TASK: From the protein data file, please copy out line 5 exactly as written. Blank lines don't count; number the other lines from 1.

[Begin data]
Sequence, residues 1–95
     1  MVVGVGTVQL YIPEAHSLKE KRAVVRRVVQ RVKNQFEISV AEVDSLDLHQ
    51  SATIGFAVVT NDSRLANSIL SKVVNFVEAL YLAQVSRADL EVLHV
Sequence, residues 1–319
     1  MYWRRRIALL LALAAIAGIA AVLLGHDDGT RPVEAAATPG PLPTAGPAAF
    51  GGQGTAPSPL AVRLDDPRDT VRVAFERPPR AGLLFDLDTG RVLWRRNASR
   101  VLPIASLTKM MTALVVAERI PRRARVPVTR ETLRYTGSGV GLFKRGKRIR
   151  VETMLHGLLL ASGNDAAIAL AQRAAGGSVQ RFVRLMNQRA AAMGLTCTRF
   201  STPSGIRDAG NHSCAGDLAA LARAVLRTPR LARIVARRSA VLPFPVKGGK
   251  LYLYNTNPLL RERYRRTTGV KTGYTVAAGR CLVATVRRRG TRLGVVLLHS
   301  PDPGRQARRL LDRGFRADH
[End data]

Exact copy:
     1  MYWRRRIALL LALAAIAGIA AVLLGHDDGT RPVEAAATPG PLPTAGPAAF